In the current environment, we all better get used to Pakistan becoming the third-largest nuclear weapons state in the world.

Trump Will Plunge US Into a World War

Ex-Diplomat to Sputnik: US Invasion of Iran Would Plunge Entire Region Into War

Canberra has dispelled rumors of “imminent” US strikes against Iran after government sources told Australian media that Washington may be preparing an attack. Meanwhile, the National Interest has published a piece considering a US invasion of Iran in 2026. Sputnik spoke to an Iranian ex-diplomat about what US aggression would mean for the region.

Australian Prime Minister Malcolm Turnbull has dismissed the idea that Washington was preparing to strike Iranian nuclear facilities as “speculation” following a report by following a report citing senior security sources by the Australian Broadcasting Corporation saying that such strikes may come as soon as sometime in August.

The news comes after the appearance of a narrative-style article in the National Interest late last month speculating that the US may launch an Iraq-style “Operation Iranian Freedom” in 2026 after the US finds ‘irrefutable evidence’ that Iran is enriching weapons-grade uranium and launches a ground campaign from the former state of Iraq, which has split at this point into Shia, Sunni, and Kurdish-controlled statelets.

Welcome to 2026 (and the U.S. Is About to Invade Iran): Operation Iranian Freedom https://t.co/xBq8MEcRDW

— National Interest (@TheNatlInterest) 29 июля 2018 г.

Speaking to Sputnik Persian about these scenarios, Dr. Seyed Hadi Afghahi, Middle Eastern affairs expert and former official at the Iranian embassy in Lebanon, commented on their realism in light of recent events in the region.

“For starters, the scenario of a military invasion [described by the National Interest] is only a fantasy of its authors and is not backed by any documentary evidence,” Afghahi said. “Secondly, the conditions in the region for implementing such an invasion scenario by the Americans and their allies (be it the British, the French or even the Saudis) are not favorable,” he added. “Moreover, neither the Americans nor any European powers really believe that an attack on Iran would ‘tame it’ or ‘put it in its place’…”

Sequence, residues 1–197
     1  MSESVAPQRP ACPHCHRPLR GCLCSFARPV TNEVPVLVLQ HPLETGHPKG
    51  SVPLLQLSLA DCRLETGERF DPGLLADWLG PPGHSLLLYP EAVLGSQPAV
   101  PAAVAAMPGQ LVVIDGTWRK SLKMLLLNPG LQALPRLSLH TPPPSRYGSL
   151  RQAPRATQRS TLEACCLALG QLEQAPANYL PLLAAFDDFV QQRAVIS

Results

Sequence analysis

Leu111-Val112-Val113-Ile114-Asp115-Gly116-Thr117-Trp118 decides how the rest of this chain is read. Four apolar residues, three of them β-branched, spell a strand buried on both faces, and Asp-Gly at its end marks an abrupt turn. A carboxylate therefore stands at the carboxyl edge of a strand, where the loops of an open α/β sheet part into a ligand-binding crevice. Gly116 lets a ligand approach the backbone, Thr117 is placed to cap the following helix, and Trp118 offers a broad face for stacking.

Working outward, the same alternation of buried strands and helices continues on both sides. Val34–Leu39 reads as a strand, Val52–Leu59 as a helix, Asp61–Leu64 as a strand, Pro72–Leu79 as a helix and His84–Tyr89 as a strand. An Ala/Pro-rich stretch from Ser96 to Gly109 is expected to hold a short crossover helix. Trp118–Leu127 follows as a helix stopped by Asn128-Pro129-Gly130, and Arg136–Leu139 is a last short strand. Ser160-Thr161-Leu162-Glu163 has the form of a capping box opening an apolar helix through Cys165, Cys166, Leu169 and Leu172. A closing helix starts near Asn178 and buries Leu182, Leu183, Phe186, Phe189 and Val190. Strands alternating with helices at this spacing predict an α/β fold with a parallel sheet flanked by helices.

According to the analyst, Washington currently faces a much more urgent problem. “When Donald Trump threatened to cut off the exports of Iranian oil, he received a threat in response. Our political and military leadership has indicated that even before the start of such an oil embargo, Iran would close the Strait of Hormuz,” i.e. the choke point between the Persian Gulf and the Gulf of Oman through which some 20 percent of the world’s crude oil supplies flow.

Some regional oil exporters are already facing problems related to security, Afghahi noted. “Saudi Arabia recently suspended oil exports through Bab-el-Mandeb,” (the strait situated between Yemen and Djibouti) “due to rocket attacks by Yemen against Saudi oil tankers. All this is taking place even before the coming US oil embargo against Iran and the closure of the Strait of Hormuz.”

Pointing to the increasingly hostile rhetoric coming from both sides, the former diplomat stressed that the fate of the Hormuz Strait was “a very sensitive issue which could plunge the whole region into a military conflict which would bring absolutely no benefit to the US. If this happens, the US would be to blame, given that they have come here from across the ocean and are trying to foment unrest in the Strait. If a clash does occur, it will not be limited to Iran and the US. Many countries and jihadist groups from various countries will enter into the fray,” Afghahi warned.

“Therefore, the actual date of the military conflict, be it tomorrow or in 2026, is of little importance. Iran is prepared, under any circumstances, to repel invading forces, even if they are numerically superior to our own,” the observer emphasized.

A Divided Iraq?

As far as the National Interest scenario’s assumption about the division of Iraq into several separate entities were concerned, Afghahi argued that these weren’t far off from Washington’s actual strategy.

“For the Americans, the division of Iraq is an important question. They have carefully sought to implement it, but have not succeeded so far. First they created Daesh (ISIS)*, which they wanted to use to create a Sunni quasi-state. In the space of just over two years, Daesh collapsed, having been defeated by the Iraqi government army, the Iranian military and the Popular Mobilization Forces [an umbrella group consisting of 40 Iraqi militias].”

Ralph Peters’ solution to the Middle East